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Program Notes

Young Artist Concert

March 10th, 2024

Performance Order:

  1. Folk Song Suite | Ralph Vaughan Williams
  2. Trumpet Concerto in E-Flat Major | I. Allegro con spirito | Johann Nepomuk Hummel, trans. Phillips
  3. Sleep | Eric Whitacre
  4. Concerto for Flute and Orchestra in G Major, K. 313 | I. Allegro maestoso | Wolfgang Amadeus Mozart
  5. Amber Skies | Jonathan McBride
  6. Storm | Soon Hee Newbold
  7. Symphonic Dance No. 3, “Fiesta” | Clifton Williams
Ralph Vaughan Williams

Folk Song Suite

Vaughan Williams’ Folk Song Suite was commissioned by the band of the Royal Military School of Music and was premiered on July 4, 1923. This suite contains many different folk songs from the Norfolk and Somerset regions of England, and is considered (along with Gustav Holst’s two suites for military band) to be a cornerstone work in the literature, and one of the earliest “serious” works for the wind band.

The first movement is set as an English march, and is made up of three folk songs, I’m Seventeen Come Sunday, Pretty Caroline, and Dives and Lazarus. The first two folk songs deal with similar subject matter of military men falling in love with, and marrying, beautiful women. The styles of the two songs offset each other: the first is bouncy and jovial, the second legato and flowing. The third folk song tells the story of Dives and Lazarus, where Lazarus repeatedly begs Dives, a rich man, for food but is denied. To portray the antagonism of the event, Vaughan Williams has set a firm duple meter melody in the low brass against a rigorous triple meter accompaniment in the upper woodwinds.

Both folk songs used in the second movement deal with love betrayed, and Vaughan Williams’s keen sense of orchestration is on full display throughout this movement. My Bonny Boy begins the movement in a lonely F Dorian mode with sparse accompaniment. The mood shifts slightly to the folk song Green Bushes as a somewhat playful scherzando. The more lively pace of this setting of Green Bushes belies the fact that the tonal center has remained in the Dorian mode, and thus never really feels completely happy or jovial.

The third movement, Folk Songs From Somerset, uses four different folk songs dealing loosely with unattainable love. Blow Away the Morning Dew describes a country boy attempting to seduce a girl, who quickly outwits him. The second folk song, High Germany, is about a young English woman’s lover and her three brothers being called off to war in Germany. Thirdly, Vaughan Williams modified a version of The Trees They Do Grow High, which deals with a young woman who has been wed by her father to a much younger boy. The final folk song, John Barleycorn, is an allegory representing the harvesting of barley, and the imbibing of its final form (beer and whisky).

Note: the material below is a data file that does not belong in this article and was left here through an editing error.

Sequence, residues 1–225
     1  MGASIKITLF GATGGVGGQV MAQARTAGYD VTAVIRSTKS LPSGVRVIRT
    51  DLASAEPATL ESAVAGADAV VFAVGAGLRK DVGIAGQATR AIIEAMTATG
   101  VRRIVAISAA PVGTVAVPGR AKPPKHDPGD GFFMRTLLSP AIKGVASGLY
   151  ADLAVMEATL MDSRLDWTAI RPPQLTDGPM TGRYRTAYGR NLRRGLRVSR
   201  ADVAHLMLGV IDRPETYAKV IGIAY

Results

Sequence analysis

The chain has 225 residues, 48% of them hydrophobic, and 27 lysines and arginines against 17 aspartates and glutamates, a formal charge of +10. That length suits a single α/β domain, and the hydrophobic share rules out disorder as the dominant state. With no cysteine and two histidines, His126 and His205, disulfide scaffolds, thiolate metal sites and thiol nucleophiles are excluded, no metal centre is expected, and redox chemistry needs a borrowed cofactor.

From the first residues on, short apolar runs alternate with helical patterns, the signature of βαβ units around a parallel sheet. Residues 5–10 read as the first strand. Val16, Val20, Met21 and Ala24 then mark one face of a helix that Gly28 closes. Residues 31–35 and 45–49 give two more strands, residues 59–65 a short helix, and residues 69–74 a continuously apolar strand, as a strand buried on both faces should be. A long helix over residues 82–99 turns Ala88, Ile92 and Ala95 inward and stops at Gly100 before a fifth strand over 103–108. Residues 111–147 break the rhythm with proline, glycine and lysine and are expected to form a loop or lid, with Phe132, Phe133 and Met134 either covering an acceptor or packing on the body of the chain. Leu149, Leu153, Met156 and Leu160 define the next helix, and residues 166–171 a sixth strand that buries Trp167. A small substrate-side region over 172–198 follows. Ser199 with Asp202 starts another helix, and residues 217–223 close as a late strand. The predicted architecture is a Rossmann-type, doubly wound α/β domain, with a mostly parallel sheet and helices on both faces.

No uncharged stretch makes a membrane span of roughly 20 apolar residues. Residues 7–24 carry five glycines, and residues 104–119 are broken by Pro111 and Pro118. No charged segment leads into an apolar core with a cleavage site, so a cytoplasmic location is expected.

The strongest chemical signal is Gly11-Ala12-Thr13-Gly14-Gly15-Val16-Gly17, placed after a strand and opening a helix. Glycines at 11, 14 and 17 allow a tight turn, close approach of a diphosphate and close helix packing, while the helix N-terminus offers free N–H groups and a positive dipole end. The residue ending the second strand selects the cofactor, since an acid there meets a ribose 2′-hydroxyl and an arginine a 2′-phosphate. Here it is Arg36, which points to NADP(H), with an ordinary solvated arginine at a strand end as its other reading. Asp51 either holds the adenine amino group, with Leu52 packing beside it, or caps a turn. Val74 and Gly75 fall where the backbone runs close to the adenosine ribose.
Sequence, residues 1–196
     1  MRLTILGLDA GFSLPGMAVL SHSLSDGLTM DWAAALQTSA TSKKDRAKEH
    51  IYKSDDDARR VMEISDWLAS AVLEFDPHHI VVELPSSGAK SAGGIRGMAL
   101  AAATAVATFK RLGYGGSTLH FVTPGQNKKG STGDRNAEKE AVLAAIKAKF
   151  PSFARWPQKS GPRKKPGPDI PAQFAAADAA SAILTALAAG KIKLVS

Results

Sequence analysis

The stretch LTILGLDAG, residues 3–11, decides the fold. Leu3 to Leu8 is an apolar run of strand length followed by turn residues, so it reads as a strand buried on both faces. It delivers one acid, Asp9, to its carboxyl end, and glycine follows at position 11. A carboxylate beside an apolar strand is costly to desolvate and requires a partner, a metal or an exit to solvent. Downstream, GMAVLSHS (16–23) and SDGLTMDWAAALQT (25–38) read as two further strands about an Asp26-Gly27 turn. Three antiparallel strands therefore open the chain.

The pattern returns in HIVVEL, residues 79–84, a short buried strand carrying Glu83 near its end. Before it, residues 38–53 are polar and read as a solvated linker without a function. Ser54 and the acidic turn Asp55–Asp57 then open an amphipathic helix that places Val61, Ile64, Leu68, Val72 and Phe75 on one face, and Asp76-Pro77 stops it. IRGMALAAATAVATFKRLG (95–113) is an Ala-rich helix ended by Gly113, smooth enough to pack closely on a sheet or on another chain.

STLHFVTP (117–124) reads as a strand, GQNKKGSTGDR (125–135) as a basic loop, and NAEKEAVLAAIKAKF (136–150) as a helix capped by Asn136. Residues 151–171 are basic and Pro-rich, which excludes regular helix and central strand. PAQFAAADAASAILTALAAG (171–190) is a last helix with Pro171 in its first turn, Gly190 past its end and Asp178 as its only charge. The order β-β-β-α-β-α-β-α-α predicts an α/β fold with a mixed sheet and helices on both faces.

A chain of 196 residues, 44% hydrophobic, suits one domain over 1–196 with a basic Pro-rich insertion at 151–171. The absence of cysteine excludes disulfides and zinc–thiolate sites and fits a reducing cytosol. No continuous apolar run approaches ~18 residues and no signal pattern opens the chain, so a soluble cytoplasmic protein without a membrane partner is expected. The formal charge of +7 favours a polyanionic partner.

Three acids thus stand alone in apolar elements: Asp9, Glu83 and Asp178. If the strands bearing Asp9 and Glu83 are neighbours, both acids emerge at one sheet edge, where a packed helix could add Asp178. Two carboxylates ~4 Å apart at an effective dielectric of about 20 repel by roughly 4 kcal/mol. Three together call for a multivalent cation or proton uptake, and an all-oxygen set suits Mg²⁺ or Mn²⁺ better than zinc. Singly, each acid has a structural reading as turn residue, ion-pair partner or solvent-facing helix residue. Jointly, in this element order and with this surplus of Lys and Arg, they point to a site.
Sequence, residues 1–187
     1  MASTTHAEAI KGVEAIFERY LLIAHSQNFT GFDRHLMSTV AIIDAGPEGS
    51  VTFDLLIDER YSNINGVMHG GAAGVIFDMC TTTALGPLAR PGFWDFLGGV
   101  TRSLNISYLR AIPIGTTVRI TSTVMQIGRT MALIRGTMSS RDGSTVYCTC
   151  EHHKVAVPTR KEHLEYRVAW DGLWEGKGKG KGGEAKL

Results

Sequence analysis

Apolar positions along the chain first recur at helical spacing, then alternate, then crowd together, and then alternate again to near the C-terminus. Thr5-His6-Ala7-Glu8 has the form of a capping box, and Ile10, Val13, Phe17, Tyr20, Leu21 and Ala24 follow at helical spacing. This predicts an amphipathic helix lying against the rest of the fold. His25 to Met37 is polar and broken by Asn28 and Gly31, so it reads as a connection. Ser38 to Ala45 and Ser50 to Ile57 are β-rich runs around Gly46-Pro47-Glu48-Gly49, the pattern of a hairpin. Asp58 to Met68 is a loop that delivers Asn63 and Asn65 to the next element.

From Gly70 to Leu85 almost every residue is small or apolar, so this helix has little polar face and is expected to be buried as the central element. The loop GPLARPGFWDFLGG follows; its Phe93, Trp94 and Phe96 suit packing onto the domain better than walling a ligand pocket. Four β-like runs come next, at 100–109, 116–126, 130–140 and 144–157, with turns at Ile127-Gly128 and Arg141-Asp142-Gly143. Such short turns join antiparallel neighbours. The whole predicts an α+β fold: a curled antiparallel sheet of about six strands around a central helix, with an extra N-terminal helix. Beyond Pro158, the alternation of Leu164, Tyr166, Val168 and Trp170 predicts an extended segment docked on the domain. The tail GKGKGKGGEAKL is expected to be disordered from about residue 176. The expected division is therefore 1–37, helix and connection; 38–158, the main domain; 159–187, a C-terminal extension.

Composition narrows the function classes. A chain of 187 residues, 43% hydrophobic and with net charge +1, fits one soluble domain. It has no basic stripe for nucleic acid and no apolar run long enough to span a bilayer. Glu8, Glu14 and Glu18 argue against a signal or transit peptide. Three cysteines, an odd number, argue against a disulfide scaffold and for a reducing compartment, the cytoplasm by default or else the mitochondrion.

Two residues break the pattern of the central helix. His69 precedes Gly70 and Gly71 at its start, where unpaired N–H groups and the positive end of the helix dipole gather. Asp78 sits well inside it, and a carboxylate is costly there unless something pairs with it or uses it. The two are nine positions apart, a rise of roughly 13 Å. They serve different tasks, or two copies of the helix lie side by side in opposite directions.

Johann Nepomuk Hummel, trans. Phillips

Trumpet Concerto in E-Flat Major | I. Allegro con spirito

Johann Nepomuk Hummel was an Austrian composer and virtuoso pianist whose music reflects the transition from the Classical to the Romantic era in music. Hummel’s father, Johannes Hummel, was the director of the Imperial School of Military Music in Vienna. At the age of eight, the younger Hummel was offered music lessons by Wolfgang Amadeus Mozart, who was impressed with his ability. Hummel was taught and housed by Mozart for two years free of charge and made his first concert appearance at the age of nine at one of Mozart’s concerts. Whilst on tour as a pianist in London, he met up with Haydn, who composed a sonata in A-flat for him. On his return to Vienna, he developed a friendship with Beethoven, who was also taking lessons from Haydn. It was around this time that Hummel composed the Trumpet Concerto in E-Flat Major.

This trumpet concerto was composed for the trumpet virtuoso Anton Weidinger in 1803 and first performed in 1804 when Hummel replaced Joseph Haydn as Konzertmeister to the court of Prince Esterhazy in Eisenstadt. Anton Weidinger was the inventor of the keyed trumpet, which enabled the instrument to play a chromatic scale rather than just the harmonic series and, as with Haydn’s trumpet concerto, this concerto was composed to demonstrate the versatility of this new invention.

Eric Whitacre


The composer writes: 

“In the winter of 1999, Ms. Julia Armstrong, a lawyer and professional mezzo-soprano living in Austin, Texas, contacted me. She wanted to commission a choral work from me to be premiered by the Austin Pro Chorus (Kinley Lange, conductor), a terrific chorus with whom she regularly performed.

The circumstances around the commission were amazing. She wanted to commission the piece in memory of her parents, who had died within weeks of each other after more than fifty years of marriage; and she wanted me to set her favorite poem, Robert Frost’s immortal “Stopping by Woods on a Snowy Evening”. I was deeply moved by the spirit and her request, and agreed to take on the commission.